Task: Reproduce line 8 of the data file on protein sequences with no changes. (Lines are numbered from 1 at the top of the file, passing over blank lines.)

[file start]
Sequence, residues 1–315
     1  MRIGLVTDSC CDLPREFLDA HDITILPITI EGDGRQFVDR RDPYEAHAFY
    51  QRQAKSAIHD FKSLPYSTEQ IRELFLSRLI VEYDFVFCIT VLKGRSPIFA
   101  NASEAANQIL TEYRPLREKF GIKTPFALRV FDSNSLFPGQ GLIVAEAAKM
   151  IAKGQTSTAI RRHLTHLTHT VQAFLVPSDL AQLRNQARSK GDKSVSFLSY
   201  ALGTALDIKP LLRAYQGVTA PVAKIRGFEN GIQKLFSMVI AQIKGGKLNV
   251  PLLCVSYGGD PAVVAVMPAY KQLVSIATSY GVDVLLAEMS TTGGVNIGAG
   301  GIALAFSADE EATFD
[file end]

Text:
   301  GIALAFSADE EATFD